Fear, Uncertainty, and Doubt about Gaol Fever

face of a prisoner

Sheriffs and magistrates in eighteenth-century England had authority to gather information about prison conditions, but little interest in doing so. Sheriffs and commissioners of the peace were typically gentlemen from the local elite appointed as a matter of patronage. Visiting jails as a duty of office did not offer an occasion for status-displaying public ceremony. “Gaol fever,” now called typhus, linked jails to contagion and death. Sheriffs’ interests generally did not favor their visiting prisons:

some sheriffs excuse themselves from attention to this part of their duty, on account of short duration, expense, and trouble of their office: and these gentlemen, as well as gentlemen in the commission of the peace, have no doubt been fearful of the consequences of looking into prisons. … {Some jailers} have said, “Those gentlemen think that if they came into my gaol, they should soon be in their graves.”^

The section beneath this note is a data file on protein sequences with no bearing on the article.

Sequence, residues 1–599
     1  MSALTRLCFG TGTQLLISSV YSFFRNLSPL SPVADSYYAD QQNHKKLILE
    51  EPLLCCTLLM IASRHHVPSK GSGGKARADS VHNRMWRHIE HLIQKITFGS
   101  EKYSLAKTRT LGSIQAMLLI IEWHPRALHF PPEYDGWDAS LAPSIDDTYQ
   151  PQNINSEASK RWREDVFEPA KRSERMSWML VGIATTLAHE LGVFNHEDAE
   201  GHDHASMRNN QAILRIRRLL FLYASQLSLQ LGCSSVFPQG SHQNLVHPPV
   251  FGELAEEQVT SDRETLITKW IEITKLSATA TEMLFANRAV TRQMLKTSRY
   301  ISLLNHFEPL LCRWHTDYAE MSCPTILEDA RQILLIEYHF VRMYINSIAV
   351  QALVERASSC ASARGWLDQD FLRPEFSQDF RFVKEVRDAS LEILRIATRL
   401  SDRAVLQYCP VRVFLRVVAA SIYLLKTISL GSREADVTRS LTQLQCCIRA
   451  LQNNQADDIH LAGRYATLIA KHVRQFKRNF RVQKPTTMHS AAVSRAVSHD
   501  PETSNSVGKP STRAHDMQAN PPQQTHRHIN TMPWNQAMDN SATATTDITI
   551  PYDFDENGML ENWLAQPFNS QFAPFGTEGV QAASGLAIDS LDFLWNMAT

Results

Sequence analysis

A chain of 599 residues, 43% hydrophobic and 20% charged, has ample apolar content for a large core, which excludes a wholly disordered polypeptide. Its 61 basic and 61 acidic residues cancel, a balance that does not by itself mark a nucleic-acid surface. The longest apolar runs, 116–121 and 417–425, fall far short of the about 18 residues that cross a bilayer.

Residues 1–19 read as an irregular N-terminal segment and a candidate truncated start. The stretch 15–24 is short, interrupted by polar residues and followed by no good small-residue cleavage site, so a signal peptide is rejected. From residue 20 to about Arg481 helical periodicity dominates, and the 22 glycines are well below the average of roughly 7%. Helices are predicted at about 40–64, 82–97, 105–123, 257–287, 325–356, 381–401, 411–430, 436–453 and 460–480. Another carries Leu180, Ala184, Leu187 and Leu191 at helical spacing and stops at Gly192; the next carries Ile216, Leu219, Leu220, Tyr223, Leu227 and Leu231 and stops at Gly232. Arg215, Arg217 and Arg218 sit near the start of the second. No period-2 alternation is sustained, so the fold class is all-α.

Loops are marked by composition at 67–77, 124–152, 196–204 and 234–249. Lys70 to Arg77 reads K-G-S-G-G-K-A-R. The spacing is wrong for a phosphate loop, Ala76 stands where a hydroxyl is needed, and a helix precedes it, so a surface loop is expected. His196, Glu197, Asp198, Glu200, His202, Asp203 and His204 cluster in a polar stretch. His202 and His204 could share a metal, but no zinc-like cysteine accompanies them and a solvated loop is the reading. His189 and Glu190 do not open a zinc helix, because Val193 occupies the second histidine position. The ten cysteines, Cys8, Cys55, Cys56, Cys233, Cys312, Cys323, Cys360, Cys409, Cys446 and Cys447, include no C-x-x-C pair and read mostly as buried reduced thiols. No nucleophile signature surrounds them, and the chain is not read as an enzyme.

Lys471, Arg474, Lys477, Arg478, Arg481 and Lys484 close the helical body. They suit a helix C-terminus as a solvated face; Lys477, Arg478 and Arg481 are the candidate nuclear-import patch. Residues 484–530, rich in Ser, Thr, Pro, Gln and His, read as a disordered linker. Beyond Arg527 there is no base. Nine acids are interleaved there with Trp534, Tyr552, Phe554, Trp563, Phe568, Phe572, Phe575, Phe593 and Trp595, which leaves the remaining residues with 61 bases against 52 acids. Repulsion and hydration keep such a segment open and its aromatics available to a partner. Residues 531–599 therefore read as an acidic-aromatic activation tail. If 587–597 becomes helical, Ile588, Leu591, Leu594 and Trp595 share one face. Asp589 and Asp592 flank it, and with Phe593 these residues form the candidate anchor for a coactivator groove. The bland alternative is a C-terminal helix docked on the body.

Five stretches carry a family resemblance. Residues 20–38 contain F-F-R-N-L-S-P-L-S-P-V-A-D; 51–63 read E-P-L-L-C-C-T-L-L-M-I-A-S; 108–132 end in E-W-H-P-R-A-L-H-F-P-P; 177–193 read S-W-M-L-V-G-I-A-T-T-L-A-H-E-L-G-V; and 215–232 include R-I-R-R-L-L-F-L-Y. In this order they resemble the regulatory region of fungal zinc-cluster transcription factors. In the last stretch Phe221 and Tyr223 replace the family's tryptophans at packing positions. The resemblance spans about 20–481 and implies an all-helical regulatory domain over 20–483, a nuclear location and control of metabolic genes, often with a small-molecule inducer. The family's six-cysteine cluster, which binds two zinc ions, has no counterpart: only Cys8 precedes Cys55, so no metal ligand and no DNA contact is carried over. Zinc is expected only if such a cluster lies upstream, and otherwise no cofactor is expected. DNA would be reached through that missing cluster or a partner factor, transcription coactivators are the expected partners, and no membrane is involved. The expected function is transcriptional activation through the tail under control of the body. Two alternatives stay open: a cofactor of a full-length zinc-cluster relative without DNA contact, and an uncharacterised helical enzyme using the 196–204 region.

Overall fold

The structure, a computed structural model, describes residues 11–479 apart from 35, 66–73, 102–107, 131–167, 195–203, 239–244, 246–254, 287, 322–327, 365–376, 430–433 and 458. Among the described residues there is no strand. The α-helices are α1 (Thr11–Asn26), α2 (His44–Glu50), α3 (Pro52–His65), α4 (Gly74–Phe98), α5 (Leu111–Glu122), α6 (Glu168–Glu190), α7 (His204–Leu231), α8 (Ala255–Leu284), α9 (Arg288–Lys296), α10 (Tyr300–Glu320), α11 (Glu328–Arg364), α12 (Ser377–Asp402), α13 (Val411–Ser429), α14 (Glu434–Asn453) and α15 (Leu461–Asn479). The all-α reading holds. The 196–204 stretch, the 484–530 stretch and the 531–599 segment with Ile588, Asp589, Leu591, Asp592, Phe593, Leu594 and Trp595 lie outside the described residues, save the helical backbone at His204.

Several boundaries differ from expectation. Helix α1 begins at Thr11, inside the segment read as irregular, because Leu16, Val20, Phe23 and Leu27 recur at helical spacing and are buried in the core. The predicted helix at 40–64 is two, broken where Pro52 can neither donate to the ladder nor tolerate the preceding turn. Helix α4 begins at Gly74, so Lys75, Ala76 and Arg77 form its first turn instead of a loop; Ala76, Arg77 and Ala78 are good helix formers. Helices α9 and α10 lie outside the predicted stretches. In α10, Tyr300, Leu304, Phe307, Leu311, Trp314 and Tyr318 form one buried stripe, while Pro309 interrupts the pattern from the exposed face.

Jailers who wanted to avoid supervision and interference in their administration of jails had an incentive to exaggerate the risks of visiting jails. Fear of jail fever did not stop wives and children from living with their husbands and fathers in jail. But in public officials’ weighing of interests, such fears had greater effect.

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